Take a seat in the canteen, one nods and another sits, ignores you, takes a pile of bread from a brown bag and starts chewing, staring a few degrees off your sight-line: you ask how the platform is going, he looks confused, the first throws up his hands, rage passes round the veins.
There is a fiction of community, of unusual objects (we define “objects” as those embroiled in the digital transformation encouraging each other to kill it, crush it, natch) that runs counter to the inner-heat of the lonely office worker: he dreams of Joshua Tree, of taking acid and shooting guns at the moon.
She gets tired of the photos of the old cars, the Buicks and Pontiacs rusting in the desert or shiny on the silicon hills, the vending machines and street honeys, the demands to make the gatekeepers see, to show some wisdom in her movements, so in Paris she snaps a photo of a small laundromat as a requisite contribution to the community: she’ll have to decide whether it goes in a series, see about the likes.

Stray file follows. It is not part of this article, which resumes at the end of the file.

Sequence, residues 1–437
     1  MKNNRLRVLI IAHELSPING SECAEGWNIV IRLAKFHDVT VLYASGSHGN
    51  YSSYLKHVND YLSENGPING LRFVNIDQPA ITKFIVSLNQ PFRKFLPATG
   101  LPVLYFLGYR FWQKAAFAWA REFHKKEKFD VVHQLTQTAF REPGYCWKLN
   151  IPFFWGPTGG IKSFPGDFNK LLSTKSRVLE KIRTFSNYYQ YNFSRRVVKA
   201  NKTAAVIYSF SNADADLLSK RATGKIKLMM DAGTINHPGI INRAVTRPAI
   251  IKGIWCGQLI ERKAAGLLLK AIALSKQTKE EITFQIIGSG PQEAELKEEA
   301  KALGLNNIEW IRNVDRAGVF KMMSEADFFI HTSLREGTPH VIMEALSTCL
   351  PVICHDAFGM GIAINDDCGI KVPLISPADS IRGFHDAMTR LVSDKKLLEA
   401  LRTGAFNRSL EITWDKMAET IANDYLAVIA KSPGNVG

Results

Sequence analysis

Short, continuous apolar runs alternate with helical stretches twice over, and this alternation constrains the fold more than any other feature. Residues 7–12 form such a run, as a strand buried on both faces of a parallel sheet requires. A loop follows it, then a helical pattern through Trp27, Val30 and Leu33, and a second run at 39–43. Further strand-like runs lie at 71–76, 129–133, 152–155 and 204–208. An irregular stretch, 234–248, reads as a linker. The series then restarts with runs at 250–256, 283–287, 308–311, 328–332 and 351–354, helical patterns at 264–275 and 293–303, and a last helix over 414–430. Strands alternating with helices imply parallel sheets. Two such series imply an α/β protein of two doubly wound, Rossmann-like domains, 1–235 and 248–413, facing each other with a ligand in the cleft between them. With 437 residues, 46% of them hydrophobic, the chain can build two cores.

That old-world stone upon stone may have been worth up to $6,000, which reminds you that you too are a tourist, that hostile architecture is new in the popular vernacular of poseur ur-texts: yet here you are, telling us about the research and image-making, like a copperhead ready to snip at the heel.
It’s all guess work, like getting flipped by an unfamiliar wind, moving from memory to history: a ringing phone has to be answered, doesn’t it.